The Second Gordon Bennett Race

When Glenn Curtiss won the first Gordon Bennett Race, it became the duty of the USA to stage the second, which was soon scheduled as the feature of the first major air race in America, October 22-30 at Belmont Park, Long Island, New York.  By scheduling the meet so late in the year and on an island jutting into the Atlantic, cold and windy conditions were guaranteed.

The Gordon Bennett Race was for 20 laps around the 5-km./3.1-mi., pylon-marked course.  Claude Grahame-White, of England, set the pace in his new, modified  French 100 hp Bleriot XIbis monoplane, with a total time of 1:10:04.74 and a speed of   61.0 mph, which was a new world record for the distance.  Next to fly was Alfred LeBlanc, of France, in a stock Bleriot XI.  Each of his lap times was faster than Grahame-White’s, and all were much more consistent.  By the end of Lap 19, LeBlanc was leading by more than five minutes

Then, racing luck intervened when LeBlanc ran out of gas on the last lap.  While making a dead-stick landing, he smashed into a telegraph pole, demolishing his airplane, but escaping with minor injuries.  Almost an hour back in second place was American John Moissant, whose Bleriot XI averaged 33.7 mph.

The meet ended on a sour note as the rules for the race to the Statue of Liberty and back became embroiled in a dispute, and many of the pilots boycotted the awards banquet.  But it had demonstrated the rapid advances in airplane performance to the world.    

The Third Gordon Bennett Race

The race was held July at Eastchurch, England, and provided the closest finish in any race to date, along with the first race-modified airplane seen.  Gustave Hamel’s Bleriot had its wings severely clipped, with the major result being to reduce the effectiveness of his wing-warping roll control.  He failed to complete his first pylon turn, slamming into the ground and demolishing his airplane, while escaping with no serious injuries. 

The surprise winner was Charles Weymann, an American born in Haiti, whose clean 100 hp Nieuport completed the 25 laps of the 6-km./3.7-mi. course in 1:11:36.2 for an average of 78.11 mph.  Close behind was last year’s hard-luck pilot, Alfred LeBlanc, in a Bleriot, who was clocked in 1:13:40.2 for 75.91 mph.  Third was Edward Nieuport in one of his own airplanes in 1:14:37.2 and 74.98 mph.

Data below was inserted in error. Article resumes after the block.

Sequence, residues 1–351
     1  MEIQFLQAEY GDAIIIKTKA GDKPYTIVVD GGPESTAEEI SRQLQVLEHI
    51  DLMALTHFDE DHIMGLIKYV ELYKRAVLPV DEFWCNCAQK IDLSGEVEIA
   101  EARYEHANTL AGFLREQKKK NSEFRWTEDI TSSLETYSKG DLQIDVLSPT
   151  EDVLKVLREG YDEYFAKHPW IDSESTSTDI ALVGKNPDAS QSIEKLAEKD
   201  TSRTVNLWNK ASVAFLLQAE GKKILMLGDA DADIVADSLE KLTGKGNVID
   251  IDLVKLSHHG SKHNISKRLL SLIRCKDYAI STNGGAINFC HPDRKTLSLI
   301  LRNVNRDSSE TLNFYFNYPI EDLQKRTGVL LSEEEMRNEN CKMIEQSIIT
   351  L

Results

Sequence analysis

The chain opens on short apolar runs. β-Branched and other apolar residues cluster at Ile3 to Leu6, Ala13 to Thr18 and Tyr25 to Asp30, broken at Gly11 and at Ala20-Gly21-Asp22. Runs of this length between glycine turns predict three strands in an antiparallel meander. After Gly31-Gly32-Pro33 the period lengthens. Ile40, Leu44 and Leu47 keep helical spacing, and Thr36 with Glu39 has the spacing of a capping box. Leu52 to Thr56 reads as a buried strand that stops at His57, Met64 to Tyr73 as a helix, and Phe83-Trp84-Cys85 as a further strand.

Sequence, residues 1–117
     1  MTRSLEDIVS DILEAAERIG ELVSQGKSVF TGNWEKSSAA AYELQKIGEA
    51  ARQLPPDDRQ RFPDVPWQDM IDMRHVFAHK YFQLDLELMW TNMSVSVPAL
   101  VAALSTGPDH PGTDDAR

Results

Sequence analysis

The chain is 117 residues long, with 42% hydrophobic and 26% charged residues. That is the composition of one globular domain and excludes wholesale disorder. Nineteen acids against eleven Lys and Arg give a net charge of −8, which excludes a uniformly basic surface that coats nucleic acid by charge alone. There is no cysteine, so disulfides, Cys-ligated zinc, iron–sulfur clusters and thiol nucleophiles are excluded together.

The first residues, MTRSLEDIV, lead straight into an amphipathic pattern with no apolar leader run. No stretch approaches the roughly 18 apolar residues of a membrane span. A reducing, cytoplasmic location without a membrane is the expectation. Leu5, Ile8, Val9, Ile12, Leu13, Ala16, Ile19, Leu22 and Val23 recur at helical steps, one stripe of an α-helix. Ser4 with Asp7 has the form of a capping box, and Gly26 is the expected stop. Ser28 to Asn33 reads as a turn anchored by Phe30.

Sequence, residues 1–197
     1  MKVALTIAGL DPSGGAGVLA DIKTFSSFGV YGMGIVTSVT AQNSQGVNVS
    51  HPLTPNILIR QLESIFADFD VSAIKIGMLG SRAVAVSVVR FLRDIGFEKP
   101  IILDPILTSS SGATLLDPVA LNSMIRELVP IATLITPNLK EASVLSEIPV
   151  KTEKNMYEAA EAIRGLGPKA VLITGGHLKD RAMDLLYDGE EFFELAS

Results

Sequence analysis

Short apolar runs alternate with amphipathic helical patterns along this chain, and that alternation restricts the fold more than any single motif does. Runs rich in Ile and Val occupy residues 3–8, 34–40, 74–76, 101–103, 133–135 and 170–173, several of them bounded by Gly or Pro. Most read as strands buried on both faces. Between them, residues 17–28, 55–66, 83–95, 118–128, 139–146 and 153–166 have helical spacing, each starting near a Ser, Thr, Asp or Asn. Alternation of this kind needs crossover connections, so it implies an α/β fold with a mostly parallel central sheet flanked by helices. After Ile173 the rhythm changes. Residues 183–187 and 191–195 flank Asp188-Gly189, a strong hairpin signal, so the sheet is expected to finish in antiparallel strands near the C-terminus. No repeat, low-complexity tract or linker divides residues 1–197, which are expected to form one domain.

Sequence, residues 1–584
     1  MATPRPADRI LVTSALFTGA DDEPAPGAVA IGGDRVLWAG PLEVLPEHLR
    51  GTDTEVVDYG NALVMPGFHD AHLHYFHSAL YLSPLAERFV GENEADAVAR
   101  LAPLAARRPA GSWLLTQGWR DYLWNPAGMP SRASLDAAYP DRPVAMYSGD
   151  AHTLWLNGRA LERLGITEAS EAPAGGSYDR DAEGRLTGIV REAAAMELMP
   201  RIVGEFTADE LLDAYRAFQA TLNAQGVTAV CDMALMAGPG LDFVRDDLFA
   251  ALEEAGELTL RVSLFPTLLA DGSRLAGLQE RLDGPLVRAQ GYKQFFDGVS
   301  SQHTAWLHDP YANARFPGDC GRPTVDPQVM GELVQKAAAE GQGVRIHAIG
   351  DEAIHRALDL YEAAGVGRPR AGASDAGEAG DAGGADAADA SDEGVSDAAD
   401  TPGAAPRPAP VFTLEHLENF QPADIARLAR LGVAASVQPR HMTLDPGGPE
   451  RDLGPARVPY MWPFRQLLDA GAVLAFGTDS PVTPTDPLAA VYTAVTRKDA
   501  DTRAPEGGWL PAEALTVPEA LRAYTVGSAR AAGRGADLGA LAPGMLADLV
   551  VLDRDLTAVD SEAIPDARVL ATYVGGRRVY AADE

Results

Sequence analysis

The formula for long-term success in air racing was taking shape: more horsepower and less aerodynamic drag.

The Fourth Gordon Bennett Race

The second Gordon Bennett Race to be held in America was on September 9 at Clearing, near what is now Chicago’s Midway Airport.  The race was for 30 laps of the 4.14-mile course.  A small crowd was on hand, due in part to the poor location, and to advance publicity which predicted a runaway win by the French. 

The great hope of the American Team was the “Defender”, which looked like an improved Bleriot.  When it wasn’t ready in time, only Paul Peck and his Columbia biplane remained, and they were stuck at the starting line with a flat tire.

The French completed the expected clean sweep.  First was Jules Vedrines, in a slick Deperdussin monoplane, in 1:01:51 for a record speed of 105.5 mph.  Maurice Prevost was second in an identical airplane, in 1:15:25 for 103.8 mph.  Andre Frey, flying a Hanriot monoplane, dropped out late in the race while averaging 94 mph.

Speed flying was fast becoming the preserve of the French, who held most of the important world records and trophies. 

The Gordon Bennett Race

Gordon Bennett Trophy

The race was held on September 29 at Reims, site of the historic first race in 1909.  Eight of the nine entries flew monoplanes, and only Henri Crombez, a Belgian, interrupted what would have been an all-French field after Great Britain, Germany and the USA had withdrawn. The race consisted of 20 laps of the 10-km./6.21-mi.) course for a total of 124 ¼ miles. 

The 14-cylinder, 160 hp Gnome-powered Deperdussins dominated a very close race, with Maurice Prevost winning at a record 124.78 mph to become the first to fly 200 km. in less than one hour.  Barely a minute behind him at the finish was Emile Vedrines, the brother of Jules, in a Ponnier at 122.53 mph.   Just as close behind him was Eugene Gilbert in a second Deperdussin at 118.51 mph.  Bringing up the rear was Crombez in a third Deperdussin, at 106.73 mph.  The superiority of this type of wonderfully streamlined monoplane was proven beyond question.    

The Sixth James Gordon Bennett Race 

It was held September 28, for three round trips of a 62-mile straight course between Etampes and Gidy, France.  There were starters from the USA, Great Britain and France.  Most interesting was the Dayton-Wright RB-1, a private, custom-built American racer featuring a flush canopy, fully retractable landing gear and a wing with both leading-edge and trailing-edge flaps. 

Four of the six pilots dropped out with mechanical trouble, though George Kirsch had a first lap at 178 mph.  The winner, at an average of 168.732 mph, was Sadi Lecointe, in a Nieuport 29V.  In second was Bernard de Romanet in a SPAD S.20bis; his average speed of 112.851 mph would have been much higher if not for a stop.  Howard Reinhart’s race in the RB-1 ended on lap 1 when his rudder cable broke. 

When the French won the trophy for the third time in a row, they retired it and the Gordon Bennett Race series ended.